The Barren Time
It began in the barren time before the spring. The limbs stood empty on the trees and the furrows coursed undisturbed through the fields and Ryn Batyst worked long at the forge and could not sleep. A master, now, he did not need to begin before dawn or labor long into the night, but sent his apprentices away regardless and worked the bellows for himself. He toiled until his eyes and hands and feet all tingled with fatigue. Then he would go to his solitary bunk and trace with his eyes the slowly webbing crack in the whitewashed ceiling of his home. He could not say why he could not sleep, but was for a while content to rest like this.
Then one night he heard someone being beaten in the alley behind his house. The curses and thumps came with the brutal regularity that meant a man was going to die. So he opened his only door unto the darkness of the city and went out into it. The air of Ariel hung hushed and still around him, because before spring came in earnest there was only the calm and gentle warming of the land. In the district of Market-home, the air also held the pungency of the urine the tanners used, as well as the cloying sweetness of the slops of the last supper the butcher gave his pigs. But Ryn did not really notice these aromas, both because he had smelt them for most of his thirty-five years and because when he turned the second corner of his home he saw that the man kicking a beggar to death was wearing the jade slacks and unbuttoned jacket of an off-duty Temple guard.
Others he could have intimidated without effort. In his entire life he had only met three men taller than himself and none heavier with muscle – and now, he admitted to himself, also with some fat. He knew his bulk in the darkness would almost fill the narrow alleyway and so as he stepped forward he weighed in his hand the mattock he had picked up, almost unconsciously, before he closed the door behind him. But the Temple was known to trust its own authority.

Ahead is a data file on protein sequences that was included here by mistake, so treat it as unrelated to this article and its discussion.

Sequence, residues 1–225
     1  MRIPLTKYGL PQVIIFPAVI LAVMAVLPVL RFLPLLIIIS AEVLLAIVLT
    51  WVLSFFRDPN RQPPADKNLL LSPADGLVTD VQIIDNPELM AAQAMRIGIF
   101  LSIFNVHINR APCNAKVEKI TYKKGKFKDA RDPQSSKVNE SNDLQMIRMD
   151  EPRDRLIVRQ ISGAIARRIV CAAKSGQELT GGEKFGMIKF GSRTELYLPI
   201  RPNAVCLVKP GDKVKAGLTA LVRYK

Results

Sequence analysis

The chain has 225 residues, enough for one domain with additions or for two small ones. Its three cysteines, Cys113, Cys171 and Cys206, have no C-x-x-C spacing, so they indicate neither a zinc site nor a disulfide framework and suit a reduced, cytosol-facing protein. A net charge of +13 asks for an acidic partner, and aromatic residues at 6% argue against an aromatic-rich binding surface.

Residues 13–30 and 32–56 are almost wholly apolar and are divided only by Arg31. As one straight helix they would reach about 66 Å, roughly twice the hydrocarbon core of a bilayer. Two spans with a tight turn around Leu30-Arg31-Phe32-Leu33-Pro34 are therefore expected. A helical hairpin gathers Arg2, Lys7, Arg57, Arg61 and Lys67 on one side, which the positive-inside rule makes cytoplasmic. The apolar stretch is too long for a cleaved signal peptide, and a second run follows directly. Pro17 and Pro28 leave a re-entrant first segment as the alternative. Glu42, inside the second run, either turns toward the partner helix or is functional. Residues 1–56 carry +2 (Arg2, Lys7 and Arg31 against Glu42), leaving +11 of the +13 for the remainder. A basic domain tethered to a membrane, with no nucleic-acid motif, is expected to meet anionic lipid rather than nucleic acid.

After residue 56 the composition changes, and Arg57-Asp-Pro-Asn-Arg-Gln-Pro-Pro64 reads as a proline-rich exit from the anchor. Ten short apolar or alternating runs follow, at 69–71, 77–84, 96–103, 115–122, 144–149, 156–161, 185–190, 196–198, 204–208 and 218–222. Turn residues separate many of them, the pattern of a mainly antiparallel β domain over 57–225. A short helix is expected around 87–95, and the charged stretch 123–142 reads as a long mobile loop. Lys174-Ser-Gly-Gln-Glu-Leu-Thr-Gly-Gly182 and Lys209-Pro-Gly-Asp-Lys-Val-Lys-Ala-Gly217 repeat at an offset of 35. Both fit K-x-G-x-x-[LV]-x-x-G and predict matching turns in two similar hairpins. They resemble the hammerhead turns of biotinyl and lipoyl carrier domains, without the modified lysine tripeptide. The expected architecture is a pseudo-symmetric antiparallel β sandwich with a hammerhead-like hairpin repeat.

Still, the guard, seeing Ryn’s motion, looked up, and turned toward the smith a face pale and smooth and arrogant. Ryn almost laughed. The off-duty man could not yet have completed a full year of his first employment. The Temple of the History of the Profusion was taking them young these days.
“You should have gone and gotten your friends,” he told the boy. “So that they could say he assaulted you first.”
The young guard, perhaps seventeen or eighteen, glanced back and forth between the whimpering form beneath him and the shadow whose shoulders nearly spanned the alleyway, clearly measuring his chances. Instinctively, he grabbed at his waist for the scabbard that would have held his sword, but which the Temple would not have permitted him to carry off-duty.
“Or so they could say I did,” Ryn added, stepping forward so that the youth could see by his torchlight the hard lines of the smith’s face and the bend in his oft-broken nose and the hair and beard that yet had in them no trace of gray. He hefted again the mattock in his hand.
With that, the boy turned and left without picking up his torch. And Ryn Batyst knelt beside a cringing beggar and began wandering the streets of Ariel at night.